Stand Age, Precipitation, and Temperature Effects on Forage Yield

Larry M. White
1985 Journal of range management  
Abstnct The effects of seasonal distribution of precipitation on forage yield are often confounded by stand age. Forage yields of Russian wildrye (Psathyrostachys juncag), green needlegrass (S@MI vir-*r), created whaQrassr(A@vpyrcm dsertorra), and hltermediate pubesctnt wheatgrass (Agropyron int mnedium-trichophorum) were determined from 6 separate studies, each of 6 years duration, from 4 locations in the northern Great Plains. Stepwise multiple regression showed that forage yield of all 4
more » ... yield of all 4 species was significantly (PCO.01) related with April and May precipitation and stand age. Forage yield of Russian wildrye was significantly (KO.05) related with April mean monthly temperature and degree days (accumulation of daily mean air temperature above a given threshold temperature) accumulated until the end of May or June; however, yields of the other 3 species were not significantly related with April, May, or June mean monthly temperatures nor degree days accumulated until the end of May or June. The highest forage yield per centimeter of precipitation occurred either the second or third year after establishment; then yield decreased asymptotically and by year 5 or 6 was only 75% of maximum for green needlegrass and 40-50% for the other grasses. Economic evaluation of seeding forages must include the itiuence of stand age on forage yield. Methods are needed to determine potential forage yield of seed range grasses without having to test each species for 5 to 10 years at numerous locations. Kilcher and Heinrichs (1974) found that forage production the first year after establishment was 2 to 3 times greater than their 7-year average. Except for Russian wildrye (Psathyrostachys junceus), forage species tested by Currie and Smith (1970) yielded the most forage during the third year after establishment. Russian wildrye required 5 years to reach its highest forage production. Kilcher (1980) suggested that when ranking a species forage production potential, the first harvest year data be ignored and only data for the following 5 consecutive years be used. Six years seems to be an excessively long requirement for evaluation of forage species. A number of researchers have found forage production was highly correlated with seasonal precipitation. Stitt (1958) noted that forage yield of a number of grass species had higher correlations (r = 0.88) with April through May precipitation than with April through June precipitation (r = 0.54). Smoliak (1956) found forage yield of native range had higher correlation (r = 0.86) with May through June precipitation than with precipitation during any other period over a 20-year period. However, Thomas and Osenbrug (1959) reported forage yields of a mixture of bromegrasscrested wheatgrass (Bromus inermis-Agropyron desertorum)for 8 years were not significantly ((m.05) correlated (r = 0.53) with April through June precipitation. They found that the range of daily temperature combined with precipitation was needed to significantly ((X0.05) correlate (I = 0.84) with forage yields. Lawrence and Heinrichs (1968) found, over a 15-year period, that precipitation received during the previous September (r = 0.55)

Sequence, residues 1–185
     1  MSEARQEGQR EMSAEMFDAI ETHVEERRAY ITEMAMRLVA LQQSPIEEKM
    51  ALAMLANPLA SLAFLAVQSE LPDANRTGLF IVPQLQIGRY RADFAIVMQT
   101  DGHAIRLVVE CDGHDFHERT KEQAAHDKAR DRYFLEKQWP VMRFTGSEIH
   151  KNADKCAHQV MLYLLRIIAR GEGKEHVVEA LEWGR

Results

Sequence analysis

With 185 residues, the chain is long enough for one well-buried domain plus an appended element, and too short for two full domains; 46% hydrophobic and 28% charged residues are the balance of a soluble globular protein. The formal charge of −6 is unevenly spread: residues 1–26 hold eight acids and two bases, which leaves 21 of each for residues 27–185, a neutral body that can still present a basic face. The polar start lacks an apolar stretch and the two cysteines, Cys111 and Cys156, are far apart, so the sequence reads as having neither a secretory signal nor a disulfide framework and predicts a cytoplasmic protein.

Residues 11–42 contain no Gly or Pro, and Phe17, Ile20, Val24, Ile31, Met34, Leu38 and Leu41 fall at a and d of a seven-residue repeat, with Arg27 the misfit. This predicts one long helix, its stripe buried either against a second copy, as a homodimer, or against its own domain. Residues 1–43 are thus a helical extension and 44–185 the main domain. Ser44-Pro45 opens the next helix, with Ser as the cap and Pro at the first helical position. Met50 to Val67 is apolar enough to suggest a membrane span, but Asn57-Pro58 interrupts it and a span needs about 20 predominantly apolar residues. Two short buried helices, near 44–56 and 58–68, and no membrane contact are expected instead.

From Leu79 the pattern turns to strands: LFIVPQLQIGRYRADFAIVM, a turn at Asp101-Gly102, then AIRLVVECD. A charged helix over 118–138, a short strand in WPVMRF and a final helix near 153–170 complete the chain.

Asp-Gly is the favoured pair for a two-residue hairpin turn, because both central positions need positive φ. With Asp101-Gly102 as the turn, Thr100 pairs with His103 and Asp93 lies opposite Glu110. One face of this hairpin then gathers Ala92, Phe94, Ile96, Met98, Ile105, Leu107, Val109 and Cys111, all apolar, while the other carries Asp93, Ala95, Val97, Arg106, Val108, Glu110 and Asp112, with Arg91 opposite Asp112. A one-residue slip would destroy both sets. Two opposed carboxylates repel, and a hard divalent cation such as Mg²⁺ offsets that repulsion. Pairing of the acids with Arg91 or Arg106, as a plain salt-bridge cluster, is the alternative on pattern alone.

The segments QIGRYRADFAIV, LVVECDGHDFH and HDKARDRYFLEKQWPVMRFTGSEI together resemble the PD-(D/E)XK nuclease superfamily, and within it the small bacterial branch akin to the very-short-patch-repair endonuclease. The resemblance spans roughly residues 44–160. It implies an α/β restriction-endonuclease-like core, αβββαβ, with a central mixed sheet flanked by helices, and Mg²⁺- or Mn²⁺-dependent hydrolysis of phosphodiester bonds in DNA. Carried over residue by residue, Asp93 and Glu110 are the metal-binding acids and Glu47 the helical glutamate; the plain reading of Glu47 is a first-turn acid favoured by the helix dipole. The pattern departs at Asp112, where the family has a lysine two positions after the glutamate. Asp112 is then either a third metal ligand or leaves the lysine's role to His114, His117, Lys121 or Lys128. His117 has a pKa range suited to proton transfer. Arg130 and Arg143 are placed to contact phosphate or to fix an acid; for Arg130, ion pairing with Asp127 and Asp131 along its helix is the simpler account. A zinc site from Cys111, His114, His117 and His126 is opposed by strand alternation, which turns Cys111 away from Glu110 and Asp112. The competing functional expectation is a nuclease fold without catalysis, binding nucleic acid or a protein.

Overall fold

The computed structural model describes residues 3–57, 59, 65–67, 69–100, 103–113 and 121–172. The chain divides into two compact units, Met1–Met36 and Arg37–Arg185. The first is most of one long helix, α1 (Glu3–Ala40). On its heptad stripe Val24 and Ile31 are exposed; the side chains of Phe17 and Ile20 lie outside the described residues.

doi:10.2307/3899330 fatcat:2asoq2qrhfbztb6fcx6oa3qp4i